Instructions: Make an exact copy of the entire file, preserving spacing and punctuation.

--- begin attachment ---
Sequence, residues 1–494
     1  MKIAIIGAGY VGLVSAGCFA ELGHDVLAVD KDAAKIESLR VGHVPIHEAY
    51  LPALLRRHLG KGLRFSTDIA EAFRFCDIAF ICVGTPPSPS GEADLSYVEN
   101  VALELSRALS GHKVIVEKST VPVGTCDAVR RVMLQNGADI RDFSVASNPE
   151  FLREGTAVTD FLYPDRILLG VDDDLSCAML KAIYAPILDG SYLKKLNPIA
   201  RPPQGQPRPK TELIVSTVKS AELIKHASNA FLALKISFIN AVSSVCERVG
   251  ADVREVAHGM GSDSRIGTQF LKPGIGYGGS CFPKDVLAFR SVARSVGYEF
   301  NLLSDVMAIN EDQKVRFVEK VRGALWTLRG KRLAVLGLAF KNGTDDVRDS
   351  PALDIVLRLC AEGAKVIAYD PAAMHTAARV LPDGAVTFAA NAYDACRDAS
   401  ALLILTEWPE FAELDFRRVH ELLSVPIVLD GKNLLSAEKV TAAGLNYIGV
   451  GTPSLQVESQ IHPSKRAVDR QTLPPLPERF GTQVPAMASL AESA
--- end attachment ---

Sequence, residues 1–494
     1  MKIAIIGAGY VGLVSAGCFA ELGHDVLAVD KDAAKIESLR VGHVPIHEAY
    51  LPALLRRHLG KGLRFSTDIA EAFRFCDIAF ICVGTPPSPS GEADLSYVEN
   101  VALELSRALS GHKVIVEKST VPVGTCDAVR RVMLQNGADI RDFSVASNPE
   151  FLREGTAVTD FLYPDRILLG VDDDLSCAML KAIYAPILDG SYLKKLNPIA
   201  RPPQGQPRPK TELIVSTVKS AELIKHASNA FLALKISFIN AVSSVCERVG
   251  ADVREVAHGM GSDSRIGTQF LKPGIGYGGS CFPKDVLAFR SVARSVGYEF
   301  NLLSDVMAIN EDQKVRFVEK VRGALWTLRG KRLAVLGLAF KNGTDDVRDS
   351  PALDIVLRLC AEGAKVIAYD PAAMHTAARV LPDGAVTFAA NAYDACRDAS
   401  ALLILTEWPE FAELDFRRVH ELLSVPIVLD GKNLLSAEKV TAAGLNYIGV
   451  GTPSLQVESQ IHPSKRAVDR QTLPPLPERF GTQVPAMASL AESA